11

I created a Github action that prints out some strings with the statement. The action triggers when I make commits on github.com, but does not trigger when I make commits locally and push them to the remote repository at github.com. Why is this?

Here is my action...

name: FeatureCI
on:
  push:
    branches:
      - '*'
jobs:
  build:
    runs-on: ubuntu-latest
    steps:
    - uses: actions/checkout@v1
    - name: Run a one-line script
      run: echo "Only on featuer branches"
    - name: Run a multi-line script
      run: |
        echo "Only on featuer branches1"
        echo "Only on featuer branches2"
1
  • 1
    I don't experience the same thing you say. Also if you don't have a branch to filter, then there is no need for the '*'. Can you show an example repo that contains this action
    – smac89
    Commented Dec 11, 2019 at 3:31

8 Answers 8

10

Not a solution, but in my case it was just a delay on GitHub side.

After poking around with my workflow .yml file I found nothing wrong, and then GH suddenly started to run my pipelines.

8

I ran into a similar issue. In addition to Lando1n's suggestion, I would recommend making sure that your action file is on the desired feature branch. When you push from feature-branch, Github will only execute actions that are specified in the action file on feature-branch. See my similar answer here.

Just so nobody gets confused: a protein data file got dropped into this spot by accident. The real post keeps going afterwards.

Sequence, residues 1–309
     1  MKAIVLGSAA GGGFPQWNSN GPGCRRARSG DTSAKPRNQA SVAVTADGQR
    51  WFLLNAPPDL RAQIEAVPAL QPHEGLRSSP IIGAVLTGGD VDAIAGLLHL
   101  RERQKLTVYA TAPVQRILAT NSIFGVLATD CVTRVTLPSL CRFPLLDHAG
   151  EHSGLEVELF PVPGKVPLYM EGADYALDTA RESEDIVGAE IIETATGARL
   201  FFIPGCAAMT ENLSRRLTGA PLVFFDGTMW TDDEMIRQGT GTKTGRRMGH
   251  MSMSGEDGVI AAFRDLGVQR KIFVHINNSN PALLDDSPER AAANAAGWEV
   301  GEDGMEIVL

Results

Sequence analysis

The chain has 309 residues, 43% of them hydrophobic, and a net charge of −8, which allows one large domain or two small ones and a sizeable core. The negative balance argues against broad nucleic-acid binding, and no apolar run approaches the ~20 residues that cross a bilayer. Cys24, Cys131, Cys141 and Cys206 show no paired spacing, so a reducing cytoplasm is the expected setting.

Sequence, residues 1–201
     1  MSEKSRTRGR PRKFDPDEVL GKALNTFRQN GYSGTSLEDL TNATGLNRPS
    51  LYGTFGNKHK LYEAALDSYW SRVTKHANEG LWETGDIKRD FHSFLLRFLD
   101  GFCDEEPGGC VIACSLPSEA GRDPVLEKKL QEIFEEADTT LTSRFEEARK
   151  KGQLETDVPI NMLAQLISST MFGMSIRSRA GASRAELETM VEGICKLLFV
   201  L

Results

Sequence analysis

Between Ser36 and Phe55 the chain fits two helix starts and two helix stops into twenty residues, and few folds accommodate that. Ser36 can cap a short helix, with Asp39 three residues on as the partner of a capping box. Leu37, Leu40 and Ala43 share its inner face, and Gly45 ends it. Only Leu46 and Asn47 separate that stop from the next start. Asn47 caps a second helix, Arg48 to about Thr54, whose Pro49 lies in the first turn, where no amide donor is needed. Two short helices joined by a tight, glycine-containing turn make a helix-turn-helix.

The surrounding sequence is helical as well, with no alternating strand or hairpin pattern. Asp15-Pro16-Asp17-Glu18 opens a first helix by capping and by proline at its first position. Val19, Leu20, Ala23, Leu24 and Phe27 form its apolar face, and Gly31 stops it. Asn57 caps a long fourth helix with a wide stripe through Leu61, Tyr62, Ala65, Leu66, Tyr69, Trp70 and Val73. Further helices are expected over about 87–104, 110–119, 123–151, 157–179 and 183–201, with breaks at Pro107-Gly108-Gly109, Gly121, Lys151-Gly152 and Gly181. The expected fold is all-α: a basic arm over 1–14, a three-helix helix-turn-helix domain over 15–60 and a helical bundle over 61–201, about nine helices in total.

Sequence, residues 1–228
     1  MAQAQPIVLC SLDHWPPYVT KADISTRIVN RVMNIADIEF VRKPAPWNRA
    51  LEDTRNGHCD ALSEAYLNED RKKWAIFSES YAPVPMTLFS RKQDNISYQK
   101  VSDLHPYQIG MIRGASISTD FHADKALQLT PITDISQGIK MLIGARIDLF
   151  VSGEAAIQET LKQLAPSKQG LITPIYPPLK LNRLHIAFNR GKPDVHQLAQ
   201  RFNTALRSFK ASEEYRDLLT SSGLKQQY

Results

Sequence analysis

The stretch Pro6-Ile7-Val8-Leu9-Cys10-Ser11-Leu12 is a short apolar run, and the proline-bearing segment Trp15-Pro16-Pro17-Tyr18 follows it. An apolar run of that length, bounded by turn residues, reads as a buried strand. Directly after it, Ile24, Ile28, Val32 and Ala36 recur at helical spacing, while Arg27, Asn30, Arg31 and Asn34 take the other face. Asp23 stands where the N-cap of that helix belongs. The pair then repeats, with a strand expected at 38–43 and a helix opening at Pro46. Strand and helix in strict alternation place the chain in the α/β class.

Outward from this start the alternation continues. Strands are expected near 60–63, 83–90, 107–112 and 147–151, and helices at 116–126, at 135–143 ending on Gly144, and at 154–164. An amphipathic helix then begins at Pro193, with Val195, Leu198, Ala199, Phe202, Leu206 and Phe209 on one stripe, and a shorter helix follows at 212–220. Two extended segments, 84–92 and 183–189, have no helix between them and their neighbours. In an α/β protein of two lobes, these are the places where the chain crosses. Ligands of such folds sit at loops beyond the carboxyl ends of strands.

1
  • 1
    Thank you. I had the same issue and it also was because I setup my actions in the main branch via github in the browser and pushed via github desktop to a feature branch and was wondering why the actions aren't triggered. That was solved by merging the main branch with the .yaml files for the actions into the feature branch.
    – Franz
    Commented Feb 11, 2023 at 12:38
4

Try simplifying your 'on' trigger. Since you don't care which branch you are pushing to, it can be stated as so:

on: [push]
1
  • Nope does not work in my case Commented Oct 5, 2021 at 14:02
4

My issue was that when I test pipelines etc. I push Empty Commits, something like this:

git commit --allow-empty -m "Empty Commit"

That didn't trigger it, but when I made an actual change it would trigger.

1

For me it was because I had unresolved conflicts in my branch.

0

In my case my .github/ folder was not in the root folder. I just moved to the root path and it worked.

0

My issue was because I was editing this on a forked repository and Actions was automatically disabled, I just went to the Actions tab on GitHub, hit 'Enable Actions' and created a new commit and it worked!

0

Also it could be an outage on the side of GitHub; right now this is the case; check https://www.githubstatus.com/ for details.

Your Answer

By clicking “Post Your Answer”, you agree to our terms of service and acknowledge you have read our privacy policy.

Not the answer you're looking for? Browse other questions tagged or ask your own question.